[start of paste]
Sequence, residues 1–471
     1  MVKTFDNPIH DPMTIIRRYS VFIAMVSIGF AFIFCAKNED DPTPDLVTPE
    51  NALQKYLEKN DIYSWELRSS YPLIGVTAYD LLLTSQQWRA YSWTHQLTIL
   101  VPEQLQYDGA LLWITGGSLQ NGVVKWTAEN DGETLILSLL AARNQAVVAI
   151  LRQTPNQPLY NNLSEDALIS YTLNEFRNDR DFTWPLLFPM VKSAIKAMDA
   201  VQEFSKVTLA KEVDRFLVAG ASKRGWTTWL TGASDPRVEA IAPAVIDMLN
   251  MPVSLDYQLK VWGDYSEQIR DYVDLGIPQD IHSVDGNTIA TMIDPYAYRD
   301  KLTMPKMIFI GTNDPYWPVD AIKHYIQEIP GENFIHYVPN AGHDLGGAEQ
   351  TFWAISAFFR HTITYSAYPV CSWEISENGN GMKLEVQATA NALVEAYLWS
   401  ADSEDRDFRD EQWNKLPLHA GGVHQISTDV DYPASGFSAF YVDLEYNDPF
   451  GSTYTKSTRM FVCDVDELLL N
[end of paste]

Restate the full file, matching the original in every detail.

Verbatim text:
Sequence, residues 1–471
     1  MVKTFDNPIH DPMTIIRRYS VFIAMVSIGF AFIFCAKNED DPTPDLVTPE
    51  NALQKYLEKN DIYSWELRSS YPLIGVTAYD LLLTSQQWRA YSWTHQLTIL
   101  VPEQLQYDGA LLWITGGSLQ NGVVKWTAEN DGETLILSLL AARNQAVVAI
   151  LRQTPNQPLY NNLSEDALIS YTLNEFRNDR DFTWPLLFPM VKSAIKAMDA
   201  VQEFSKVTLA KEVDRFLVAG ASKRGWTTWL TGASDPRVEA IAPAVIDMLN
   251  MPVSLDYQLK VWGDYSEQIR DYVDLGIPQD IHSVDGNTIA TMIDPYAYRD
   301  KLTMPKMIFI GTNDPYWPVD AIKHYIQEIP GENFIHYVPN AGHDLGGAEQ
   351  TFWAISAFFR HTITYSAYPV CSWEISENGN GMKLEVQATA NALVEAYLWS
   401  ADSEDRDFRD EQWNKLPLHA GGVHQISTDV DYPASGFSAF YVDLEYNDPF
   451  GSTYTKSTRM FVCDVDELLL N